Newcastle-upon-Tyne is one of those cities that is rarely the focus of a plague study – an industrial town whose prosperity and continued existence was based on its economic impact. Coal was king in seventeenth century England and Newcastle had an abundant local supply that not only supplied southern England but was exported throughout the North Sea. The port brought the plague to Newcastle possibly from the Netherlands in October 1635, at least six months before it arrived in London. Initially the plague was light but it was percolating through the rats of Newcastle, and a note in May 1636 marks the the realization that the plague was intensifying. Still, the port never closed entirely throughout the epidemic. Cities in southern England were willing to risk the plague to keep the coal flowing. Rather than isolate the city and close it port, they opted to board up the infected, their families and caretakers in their homes and quarantine ships. Wrightson hypothesizes that this forced quarantine/isolation was responsible for the high mortality rate within families. Some ships were even willing to visit the port and wait out quarantine more than once during the plague to keep the coal flowing.
Wrightson was first drawn to Ralph Tailor by his fancy autograph. He explains that this nearly illegible signature was an anti-forgery device. Scriveners made their living writing documents in the proper style for a court or business contract. Ralph Tailor was a young scrivener still trying to get established when the plague arrived in Newcastle in 1636. With due diligence and some personal risk, Ralph Tailor established his footing in Newcastle by writing wills for the stricken sometimes through boarded up doors and windows, and later estate inventories for their probate.
Plague response in Newcastle depended upon a spontaneous community assistance to be workable. Keeping families boarded up in their homes for weeks requires external support primarily from friends and neighbors. Someone had to bring them food and be their contact with the outside world including summoning Ralph Tailor to write their wills and other documents. It says something about the straights of poor women that they were willing to take jobs as ‘keepers’ (nurses) who were shut up in houses with plague infected families for a small wage. Social safety nets as we know them today did not exist, but neighborly safety nets did. People wove their own safety nets through relationships with neighbors, fraternities and guilds, and kin. While craftsmen and service providers like scriveners were in competition, they also worked together for the good of their craft to support each other and their industries.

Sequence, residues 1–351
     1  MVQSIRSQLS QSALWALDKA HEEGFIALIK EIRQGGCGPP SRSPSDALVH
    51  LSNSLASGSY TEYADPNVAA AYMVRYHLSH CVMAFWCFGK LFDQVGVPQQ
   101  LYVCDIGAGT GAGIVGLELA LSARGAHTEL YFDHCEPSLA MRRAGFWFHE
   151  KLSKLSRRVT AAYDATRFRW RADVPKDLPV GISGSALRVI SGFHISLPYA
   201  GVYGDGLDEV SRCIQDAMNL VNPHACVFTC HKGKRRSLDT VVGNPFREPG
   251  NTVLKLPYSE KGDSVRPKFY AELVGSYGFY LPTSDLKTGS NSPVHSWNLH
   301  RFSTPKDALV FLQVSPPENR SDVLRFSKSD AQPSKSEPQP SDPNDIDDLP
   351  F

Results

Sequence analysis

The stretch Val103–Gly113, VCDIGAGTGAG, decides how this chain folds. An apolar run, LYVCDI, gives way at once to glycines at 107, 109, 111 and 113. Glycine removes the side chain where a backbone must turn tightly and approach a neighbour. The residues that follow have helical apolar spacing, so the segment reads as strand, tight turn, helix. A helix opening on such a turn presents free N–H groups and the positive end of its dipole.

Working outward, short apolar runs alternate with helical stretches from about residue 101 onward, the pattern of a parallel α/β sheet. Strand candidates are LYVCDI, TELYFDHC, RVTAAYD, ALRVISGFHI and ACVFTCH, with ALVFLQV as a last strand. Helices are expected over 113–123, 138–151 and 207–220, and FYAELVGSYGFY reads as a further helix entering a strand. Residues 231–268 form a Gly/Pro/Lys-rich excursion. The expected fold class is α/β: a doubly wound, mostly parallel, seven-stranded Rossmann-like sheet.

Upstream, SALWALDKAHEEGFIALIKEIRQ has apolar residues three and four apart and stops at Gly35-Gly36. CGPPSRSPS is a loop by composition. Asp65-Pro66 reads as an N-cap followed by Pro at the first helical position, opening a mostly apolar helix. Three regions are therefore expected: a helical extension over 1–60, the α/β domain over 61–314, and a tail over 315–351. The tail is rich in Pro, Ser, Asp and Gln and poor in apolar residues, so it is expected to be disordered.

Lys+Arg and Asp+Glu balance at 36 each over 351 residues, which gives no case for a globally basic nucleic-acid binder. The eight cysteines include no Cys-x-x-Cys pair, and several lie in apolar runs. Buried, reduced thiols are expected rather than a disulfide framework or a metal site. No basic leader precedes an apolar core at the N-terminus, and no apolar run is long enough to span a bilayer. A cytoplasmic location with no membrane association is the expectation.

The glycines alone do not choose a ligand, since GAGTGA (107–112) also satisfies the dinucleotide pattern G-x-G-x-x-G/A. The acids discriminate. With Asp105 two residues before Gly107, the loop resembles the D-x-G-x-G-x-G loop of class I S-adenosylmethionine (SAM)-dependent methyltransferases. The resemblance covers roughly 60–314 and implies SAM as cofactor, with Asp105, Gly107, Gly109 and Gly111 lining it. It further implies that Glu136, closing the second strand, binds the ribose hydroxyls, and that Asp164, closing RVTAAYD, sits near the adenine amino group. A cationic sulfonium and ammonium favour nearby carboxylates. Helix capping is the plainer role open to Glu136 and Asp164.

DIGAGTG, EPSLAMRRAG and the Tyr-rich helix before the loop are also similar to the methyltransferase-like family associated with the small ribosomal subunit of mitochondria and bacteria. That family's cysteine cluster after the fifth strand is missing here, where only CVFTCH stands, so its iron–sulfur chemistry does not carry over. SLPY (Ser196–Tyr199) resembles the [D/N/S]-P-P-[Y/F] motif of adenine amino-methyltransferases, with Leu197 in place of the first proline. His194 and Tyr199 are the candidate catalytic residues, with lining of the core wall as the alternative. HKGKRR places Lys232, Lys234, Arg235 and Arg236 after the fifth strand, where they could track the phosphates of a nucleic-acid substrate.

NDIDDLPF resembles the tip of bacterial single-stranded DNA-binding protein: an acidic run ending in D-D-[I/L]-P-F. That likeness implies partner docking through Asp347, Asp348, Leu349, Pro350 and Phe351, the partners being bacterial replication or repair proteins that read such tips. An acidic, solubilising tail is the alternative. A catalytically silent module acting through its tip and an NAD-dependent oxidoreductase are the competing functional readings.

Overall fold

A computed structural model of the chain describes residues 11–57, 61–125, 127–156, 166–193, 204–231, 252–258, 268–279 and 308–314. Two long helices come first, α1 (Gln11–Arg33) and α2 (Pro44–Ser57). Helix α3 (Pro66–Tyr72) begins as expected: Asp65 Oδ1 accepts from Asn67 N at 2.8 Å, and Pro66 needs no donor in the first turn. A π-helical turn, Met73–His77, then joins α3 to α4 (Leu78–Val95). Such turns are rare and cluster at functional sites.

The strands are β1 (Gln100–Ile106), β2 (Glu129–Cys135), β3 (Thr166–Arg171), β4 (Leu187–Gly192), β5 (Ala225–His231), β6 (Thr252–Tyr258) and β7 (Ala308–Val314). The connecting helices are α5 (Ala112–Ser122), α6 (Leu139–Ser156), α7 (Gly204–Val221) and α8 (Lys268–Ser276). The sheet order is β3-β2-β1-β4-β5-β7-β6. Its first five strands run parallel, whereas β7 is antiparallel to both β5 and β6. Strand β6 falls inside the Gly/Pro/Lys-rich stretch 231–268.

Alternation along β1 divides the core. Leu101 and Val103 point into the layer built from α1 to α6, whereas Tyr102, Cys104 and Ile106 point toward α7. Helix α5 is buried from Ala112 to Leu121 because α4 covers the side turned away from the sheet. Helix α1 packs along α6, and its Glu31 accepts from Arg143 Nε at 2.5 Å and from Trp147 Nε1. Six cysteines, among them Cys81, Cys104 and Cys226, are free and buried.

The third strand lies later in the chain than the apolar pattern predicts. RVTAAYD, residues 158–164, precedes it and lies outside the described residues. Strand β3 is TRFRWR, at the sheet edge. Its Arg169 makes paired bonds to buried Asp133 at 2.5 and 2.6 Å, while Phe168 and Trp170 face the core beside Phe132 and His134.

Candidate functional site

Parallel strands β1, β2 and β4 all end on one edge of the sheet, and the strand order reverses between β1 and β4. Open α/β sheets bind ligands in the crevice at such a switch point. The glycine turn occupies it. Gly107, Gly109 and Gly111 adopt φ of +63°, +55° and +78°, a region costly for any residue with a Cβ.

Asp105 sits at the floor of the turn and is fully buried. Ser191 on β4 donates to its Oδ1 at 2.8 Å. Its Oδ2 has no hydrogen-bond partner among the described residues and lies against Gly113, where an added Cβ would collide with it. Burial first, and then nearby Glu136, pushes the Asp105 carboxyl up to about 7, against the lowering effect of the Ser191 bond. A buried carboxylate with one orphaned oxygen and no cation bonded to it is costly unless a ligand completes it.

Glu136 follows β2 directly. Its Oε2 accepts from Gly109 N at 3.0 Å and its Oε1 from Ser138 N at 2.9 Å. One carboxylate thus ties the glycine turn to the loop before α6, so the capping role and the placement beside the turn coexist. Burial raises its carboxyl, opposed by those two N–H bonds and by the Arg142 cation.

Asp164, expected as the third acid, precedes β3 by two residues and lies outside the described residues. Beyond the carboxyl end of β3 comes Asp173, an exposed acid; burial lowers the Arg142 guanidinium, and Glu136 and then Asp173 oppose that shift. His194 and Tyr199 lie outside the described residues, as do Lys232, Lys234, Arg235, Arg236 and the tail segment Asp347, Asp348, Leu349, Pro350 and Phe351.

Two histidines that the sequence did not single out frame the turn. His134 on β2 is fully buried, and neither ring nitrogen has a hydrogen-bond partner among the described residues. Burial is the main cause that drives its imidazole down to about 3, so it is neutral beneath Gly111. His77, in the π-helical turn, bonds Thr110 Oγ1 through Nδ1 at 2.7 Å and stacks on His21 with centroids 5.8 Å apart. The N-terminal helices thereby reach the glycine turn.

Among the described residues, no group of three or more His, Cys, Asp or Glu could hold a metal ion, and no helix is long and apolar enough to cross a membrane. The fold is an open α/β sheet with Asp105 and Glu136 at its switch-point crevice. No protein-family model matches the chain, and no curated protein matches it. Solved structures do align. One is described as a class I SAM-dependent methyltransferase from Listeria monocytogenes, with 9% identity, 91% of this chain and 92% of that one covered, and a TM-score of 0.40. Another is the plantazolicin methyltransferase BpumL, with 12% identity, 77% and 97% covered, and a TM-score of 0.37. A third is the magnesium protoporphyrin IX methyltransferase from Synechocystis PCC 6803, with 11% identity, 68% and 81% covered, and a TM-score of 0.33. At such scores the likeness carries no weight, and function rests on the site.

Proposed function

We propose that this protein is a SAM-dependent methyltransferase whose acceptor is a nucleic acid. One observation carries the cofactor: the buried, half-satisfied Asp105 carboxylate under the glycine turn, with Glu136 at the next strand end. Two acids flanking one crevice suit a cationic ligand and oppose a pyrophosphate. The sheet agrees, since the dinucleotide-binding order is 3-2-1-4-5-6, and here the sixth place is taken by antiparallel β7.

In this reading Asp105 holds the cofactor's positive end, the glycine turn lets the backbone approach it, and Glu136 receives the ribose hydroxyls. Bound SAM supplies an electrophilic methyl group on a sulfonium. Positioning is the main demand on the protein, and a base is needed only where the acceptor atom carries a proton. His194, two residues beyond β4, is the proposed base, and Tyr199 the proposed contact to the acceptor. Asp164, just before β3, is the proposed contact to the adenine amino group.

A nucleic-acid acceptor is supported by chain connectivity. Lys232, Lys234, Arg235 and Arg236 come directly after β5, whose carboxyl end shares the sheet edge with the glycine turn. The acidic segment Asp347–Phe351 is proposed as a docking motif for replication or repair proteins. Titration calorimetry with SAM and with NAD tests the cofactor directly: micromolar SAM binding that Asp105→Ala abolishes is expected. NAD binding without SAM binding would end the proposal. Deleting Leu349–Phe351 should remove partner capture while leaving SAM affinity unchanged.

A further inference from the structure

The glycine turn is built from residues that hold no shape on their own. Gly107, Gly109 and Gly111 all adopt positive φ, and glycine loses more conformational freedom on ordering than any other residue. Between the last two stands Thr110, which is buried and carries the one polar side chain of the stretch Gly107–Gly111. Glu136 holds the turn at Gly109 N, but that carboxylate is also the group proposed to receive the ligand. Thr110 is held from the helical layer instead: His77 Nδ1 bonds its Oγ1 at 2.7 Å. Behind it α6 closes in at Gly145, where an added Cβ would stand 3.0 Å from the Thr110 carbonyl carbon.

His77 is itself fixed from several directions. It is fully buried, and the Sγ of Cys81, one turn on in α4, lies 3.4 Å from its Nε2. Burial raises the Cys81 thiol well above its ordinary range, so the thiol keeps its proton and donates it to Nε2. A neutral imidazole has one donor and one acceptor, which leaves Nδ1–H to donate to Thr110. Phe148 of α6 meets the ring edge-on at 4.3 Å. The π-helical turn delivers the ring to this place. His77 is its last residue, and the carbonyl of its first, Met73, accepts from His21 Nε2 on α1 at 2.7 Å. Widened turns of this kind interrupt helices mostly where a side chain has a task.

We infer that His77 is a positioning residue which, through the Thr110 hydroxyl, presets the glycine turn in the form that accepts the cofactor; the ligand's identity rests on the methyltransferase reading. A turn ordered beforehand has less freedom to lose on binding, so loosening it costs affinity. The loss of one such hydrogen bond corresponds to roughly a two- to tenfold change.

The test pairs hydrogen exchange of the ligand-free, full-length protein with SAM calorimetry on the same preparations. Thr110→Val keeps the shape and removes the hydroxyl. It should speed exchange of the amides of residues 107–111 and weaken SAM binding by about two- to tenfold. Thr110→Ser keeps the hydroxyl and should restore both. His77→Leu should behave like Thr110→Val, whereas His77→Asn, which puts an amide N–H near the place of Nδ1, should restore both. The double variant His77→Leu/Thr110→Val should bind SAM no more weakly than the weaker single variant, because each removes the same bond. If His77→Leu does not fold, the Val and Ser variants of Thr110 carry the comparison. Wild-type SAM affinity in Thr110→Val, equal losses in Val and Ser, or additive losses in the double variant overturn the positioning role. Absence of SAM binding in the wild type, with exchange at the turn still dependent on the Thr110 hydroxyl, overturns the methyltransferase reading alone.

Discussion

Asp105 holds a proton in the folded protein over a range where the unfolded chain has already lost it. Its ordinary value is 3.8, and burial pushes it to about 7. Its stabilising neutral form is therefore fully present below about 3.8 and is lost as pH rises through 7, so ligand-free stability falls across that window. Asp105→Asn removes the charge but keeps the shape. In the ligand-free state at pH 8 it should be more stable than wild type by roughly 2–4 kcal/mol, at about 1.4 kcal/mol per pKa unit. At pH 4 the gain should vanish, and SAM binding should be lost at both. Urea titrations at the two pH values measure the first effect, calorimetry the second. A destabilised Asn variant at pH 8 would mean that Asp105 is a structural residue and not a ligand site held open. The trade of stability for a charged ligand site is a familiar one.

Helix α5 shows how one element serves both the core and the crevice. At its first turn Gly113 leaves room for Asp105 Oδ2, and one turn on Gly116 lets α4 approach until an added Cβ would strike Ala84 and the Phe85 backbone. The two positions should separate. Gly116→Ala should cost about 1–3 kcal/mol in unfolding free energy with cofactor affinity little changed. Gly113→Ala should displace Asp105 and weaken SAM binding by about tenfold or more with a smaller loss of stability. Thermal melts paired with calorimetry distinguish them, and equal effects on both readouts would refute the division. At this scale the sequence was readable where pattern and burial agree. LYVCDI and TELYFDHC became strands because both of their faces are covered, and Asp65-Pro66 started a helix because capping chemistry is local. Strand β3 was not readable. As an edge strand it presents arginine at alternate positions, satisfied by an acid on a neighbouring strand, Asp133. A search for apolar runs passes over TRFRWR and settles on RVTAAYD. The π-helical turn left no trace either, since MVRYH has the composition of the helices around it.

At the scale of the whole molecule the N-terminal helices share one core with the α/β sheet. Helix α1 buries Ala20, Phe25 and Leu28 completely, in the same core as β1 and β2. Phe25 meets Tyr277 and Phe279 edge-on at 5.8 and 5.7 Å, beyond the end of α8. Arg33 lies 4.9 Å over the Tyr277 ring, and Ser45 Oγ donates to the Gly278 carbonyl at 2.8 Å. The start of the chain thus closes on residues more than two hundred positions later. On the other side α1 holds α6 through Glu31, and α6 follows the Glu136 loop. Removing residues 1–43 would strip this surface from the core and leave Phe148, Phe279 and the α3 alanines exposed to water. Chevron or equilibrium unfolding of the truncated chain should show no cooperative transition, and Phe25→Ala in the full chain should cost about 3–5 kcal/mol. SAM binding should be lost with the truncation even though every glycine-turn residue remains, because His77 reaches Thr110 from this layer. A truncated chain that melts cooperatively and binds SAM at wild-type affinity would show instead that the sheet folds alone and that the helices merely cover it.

Very little narrative information survives of Ralph Tailor or his customers. Yet, a few bare records of deaths and marriages along with the wills and related documents provides a remarkable amount of information about their lives. By comparing witnesses, beneficiaries and debtors in wills the web of community connections can be partially reconstructed. It is possible in some cases to track the plague’s path through these networks as people refer to each other as beneficiaries or recently deceased so that not only was plague hitting some families much harder than others, it hit their support networks as well. Wrightson was able to divide the city into parishes, very uneven in size and economic status, as another view at how these neighborhood networks were faring on a larger scale. This is the type of painstaking historical research that needs to be done to understand pre-modern plague epidemiology. Very few cities have adequate, perfectly preserved data for modern epidemiological analysis. It takes a skilled historical epidemiologist to make sense out of these incomplete records and to resurrect data from the scattered historical remains in archives.
Ralph Tailor did survive the plague and went on to be a man of means in Newcastle. Fourteen of the wills written by Ralph Tailor during the plague survive linking him personally with 92 people who served as witnesses, clients, co-appraisers of inventories, etc. He married during the plague and furnished his first home with items bought from estate sales of some of the plague victims. (Buyers and prices are recorded for estate sales because they are part of the probate record.) He later became a notary public and diversified his business interests in Newcastle. Writing documents for people must given him the opportunity to learn of good deals. When the hearth tax was taken in 1665, the notary public Ralph Tailor owned a six hearth home “in Corner Tower Ward, a relatively wealthy ward located below Allhallow’s church” in addition to other homes in the poorer wards that must have been rental property (p. 149). Only 6% of the homes in Newcastle that year had six or more hearths. He managed to remain a prominent townsman and contracted civil servant without becoming personally entangled in the political and religious wars of the seventeenth century within Newcastle and beyond. Eventually twice married, he left no children and his heirs were relatives of his second wife when he died in 1669. He was buried under a now lost memorial stone in Allhallow’s church yard with his first wife.
Wrightson’s microhistory provides a vivid look into life in Newcastle during the plague of 1635-6. This book will be of interest for those interested in plague in 17th century England, especially among craftsmen and port workers. Noble, elites and clergy are rarely mentioned in this book. Through the works of Ralph Tailor we see that extra-ordinary year through the life and work of an ordinary man.